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Friday31 October 2014

How to lose gracefully: a guide for architects

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BD’s five point guide to the art of losing well

Losing gracefully is an art, and it’s not always easy

Losing gracefully is an art, and it’s not always easy

BD has attended many architectural award shows including our own. We’ve seen architects with sour faces, witnessed a fair amount of flouncing and seen stares that would freeze the Ganges.

Of course, losing gracefully is difficult when you feel very strongly about your project. The Stirling Prize has certainly brought out the ruder side of some architects (see below).

But it’s much better form to grind your teeth quietly and smile. Losing gracefully is an art, and it’s not always easy. With awards season upon us, and BD’s Architect of the Year Awards rapidly approaching, now is as good a time as any to start practising. So here is our five-point guide to help you this awards season:

1. Hope to win but be prepared to lose. A face like thunder is never attractive - to other people in the room or to prospective clients who might see the pictures later.

2. Always smile and congratulate the winner if they’re nearby. This is good manners.

3. Don’t leave the event immediately. Stay and accept condolences if they’re offered - it’s rare that your peers get the chance to publicly tell you they admire your work.

4. Don’t belittle your own work or blame someone else. It doesn’t reflect well on your work ethic and is demoralising for everyone else who worked on the project. Belittling the winner’s work just makes you look petty.

5. Keep some perspective. Losing is not the end of the world and if the award is worthwhile, simply being on the shorltist is enough to impress prospective clients.

Losing sucks…

A few examples of those who’ve lost gracefully, and others who need a need a lesson from Miss Manners:

  • In 2007 Rem Koolhaas sat in the Lock Tavern near the Roundhouse where the Stirling prize ceremony was taking place. He was shortlisted for the Casa da Musica. When he heard that the Museum of Modern Literature, Marbach, by David Chipperfield had won he went home. Rudeness factor 8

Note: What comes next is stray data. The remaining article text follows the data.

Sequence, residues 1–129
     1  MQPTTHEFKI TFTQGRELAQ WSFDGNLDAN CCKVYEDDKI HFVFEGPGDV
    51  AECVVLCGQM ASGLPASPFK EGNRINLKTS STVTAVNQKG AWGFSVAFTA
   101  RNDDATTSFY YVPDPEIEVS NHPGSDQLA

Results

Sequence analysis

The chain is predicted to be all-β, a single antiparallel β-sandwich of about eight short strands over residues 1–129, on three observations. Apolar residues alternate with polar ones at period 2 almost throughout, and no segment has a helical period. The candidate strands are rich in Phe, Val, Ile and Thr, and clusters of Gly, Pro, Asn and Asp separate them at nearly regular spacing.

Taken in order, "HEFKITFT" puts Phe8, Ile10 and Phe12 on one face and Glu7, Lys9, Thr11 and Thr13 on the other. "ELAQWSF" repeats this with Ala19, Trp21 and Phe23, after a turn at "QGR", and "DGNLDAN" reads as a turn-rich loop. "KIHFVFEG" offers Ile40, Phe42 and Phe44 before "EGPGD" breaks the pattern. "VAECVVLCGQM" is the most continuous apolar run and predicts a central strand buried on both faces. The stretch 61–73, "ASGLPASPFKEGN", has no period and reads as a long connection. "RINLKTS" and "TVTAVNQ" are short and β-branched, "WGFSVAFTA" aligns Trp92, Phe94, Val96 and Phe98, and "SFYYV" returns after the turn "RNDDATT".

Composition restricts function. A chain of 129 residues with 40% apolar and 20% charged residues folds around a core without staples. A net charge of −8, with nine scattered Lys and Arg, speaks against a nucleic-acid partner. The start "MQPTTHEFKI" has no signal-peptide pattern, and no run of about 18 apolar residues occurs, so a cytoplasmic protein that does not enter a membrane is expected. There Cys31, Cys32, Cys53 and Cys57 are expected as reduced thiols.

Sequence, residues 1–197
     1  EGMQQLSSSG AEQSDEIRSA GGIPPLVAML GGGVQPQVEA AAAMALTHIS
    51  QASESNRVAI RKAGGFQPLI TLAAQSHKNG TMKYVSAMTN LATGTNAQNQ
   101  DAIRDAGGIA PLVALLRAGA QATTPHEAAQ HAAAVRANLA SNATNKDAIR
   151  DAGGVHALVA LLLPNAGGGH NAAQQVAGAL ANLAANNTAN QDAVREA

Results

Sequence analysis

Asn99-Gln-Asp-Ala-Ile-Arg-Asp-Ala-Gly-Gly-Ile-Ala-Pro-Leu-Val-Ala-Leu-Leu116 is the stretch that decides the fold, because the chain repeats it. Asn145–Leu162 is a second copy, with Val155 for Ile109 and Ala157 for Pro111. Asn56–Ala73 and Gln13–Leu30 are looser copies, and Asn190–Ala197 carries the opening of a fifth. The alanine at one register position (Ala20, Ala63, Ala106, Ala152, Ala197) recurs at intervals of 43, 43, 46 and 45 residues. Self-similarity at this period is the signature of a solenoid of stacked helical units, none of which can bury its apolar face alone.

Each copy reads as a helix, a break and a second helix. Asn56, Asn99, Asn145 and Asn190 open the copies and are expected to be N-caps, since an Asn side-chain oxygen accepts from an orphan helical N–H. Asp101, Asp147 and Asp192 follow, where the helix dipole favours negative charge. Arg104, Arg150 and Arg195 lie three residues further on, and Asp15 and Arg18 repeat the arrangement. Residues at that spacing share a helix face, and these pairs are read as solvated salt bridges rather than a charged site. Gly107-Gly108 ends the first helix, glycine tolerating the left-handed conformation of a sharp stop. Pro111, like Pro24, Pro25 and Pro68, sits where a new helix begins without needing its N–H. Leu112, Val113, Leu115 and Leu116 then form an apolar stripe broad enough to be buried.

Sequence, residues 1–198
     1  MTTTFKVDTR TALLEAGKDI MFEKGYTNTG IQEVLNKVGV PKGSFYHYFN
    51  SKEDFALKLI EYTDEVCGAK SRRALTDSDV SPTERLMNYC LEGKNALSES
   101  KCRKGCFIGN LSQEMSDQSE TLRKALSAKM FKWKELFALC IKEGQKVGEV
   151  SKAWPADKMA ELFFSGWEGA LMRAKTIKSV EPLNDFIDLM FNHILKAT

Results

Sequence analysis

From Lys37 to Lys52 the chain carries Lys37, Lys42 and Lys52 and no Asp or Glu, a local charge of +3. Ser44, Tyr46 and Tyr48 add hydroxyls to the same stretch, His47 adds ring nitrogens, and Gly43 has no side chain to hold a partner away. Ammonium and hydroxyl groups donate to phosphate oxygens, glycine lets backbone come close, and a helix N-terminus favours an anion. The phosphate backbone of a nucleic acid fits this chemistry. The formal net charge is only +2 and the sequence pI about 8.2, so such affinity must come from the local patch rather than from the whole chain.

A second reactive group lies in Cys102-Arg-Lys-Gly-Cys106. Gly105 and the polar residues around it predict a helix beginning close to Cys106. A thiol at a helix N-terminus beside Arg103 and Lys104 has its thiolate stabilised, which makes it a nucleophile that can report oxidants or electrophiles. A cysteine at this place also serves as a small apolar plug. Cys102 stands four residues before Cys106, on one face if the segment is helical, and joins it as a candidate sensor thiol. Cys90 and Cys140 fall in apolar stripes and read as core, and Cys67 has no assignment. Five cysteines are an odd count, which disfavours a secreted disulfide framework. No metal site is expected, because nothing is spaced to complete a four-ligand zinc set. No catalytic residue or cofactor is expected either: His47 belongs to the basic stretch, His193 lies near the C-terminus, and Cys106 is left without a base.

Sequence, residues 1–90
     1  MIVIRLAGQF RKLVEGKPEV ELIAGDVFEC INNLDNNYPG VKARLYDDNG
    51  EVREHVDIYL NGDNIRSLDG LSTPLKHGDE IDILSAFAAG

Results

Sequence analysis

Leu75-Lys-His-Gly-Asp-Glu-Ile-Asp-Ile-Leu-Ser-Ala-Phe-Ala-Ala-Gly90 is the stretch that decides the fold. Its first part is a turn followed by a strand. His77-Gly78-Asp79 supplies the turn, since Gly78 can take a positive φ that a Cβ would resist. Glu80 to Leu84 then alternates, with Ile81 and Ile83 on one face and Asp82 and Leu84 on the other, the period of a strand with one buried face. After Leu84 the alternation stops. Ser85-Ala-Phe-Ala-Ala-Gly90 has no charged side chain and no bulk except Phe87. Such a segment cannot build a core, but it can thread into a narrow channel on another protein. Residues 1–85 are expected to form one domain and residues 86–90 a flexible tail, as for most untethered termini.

• In 1999 Gordon Benson, architect of the shortlisted Museum of Scotland, turned his back on Deyan Sudjic when Sudjic approached him to offer his commiserations. The award that year was won by Future Systems for the Lords Media Centre. Rudeness factor 5
  • In 2001 Wilkinson Eyre scooped the prize for the Magna Centre when it was widely tipped to go to Grimshaw for the Eden Project. The Grimshaw table sat in stony silence as the television lights swivelled to the Wilkinson Eyre table. Rudeness factor 1
  • In 1997 Will Alsop was tipped to win for the Hotel de Département des Bouches-du-Rhône, Marseille, but the prize went to James Stirling/Michael Wilford for the Music School, Stuttgart. The Alsop table drowned its sorrows in style. Rudeness factor 0
  • In 2002 Wilkinson Eyre won again for the Millennium Bridge but it was not the favourite, annoying both Chipperfiled (shortlisted for the Ernsting Service Centre) and Benson & Forsyth (Millennium Wing, National Gallery of Ireland). Both architects left the dinner once the prize was announced. Rudeness factor 3

 

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Readers' comments (2)

  • I'm not sure I'd agree with Rem's response being rude - it is a competition after all. You loose, go home!

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  • Lucy Mori

    It's not just about the winning - it's the taking part. Being shortlisted for a major award can have a great impact on raising the profile of a practice. There is press coverage before and after, lots on-line, and fanstastic opportunities for networking at the award-giving event.

    But awards are only a small part of marketing a practice - and for the majority of UK practices not the most effective way to win more work. So awards should be seen in perspective (preferably your clients).

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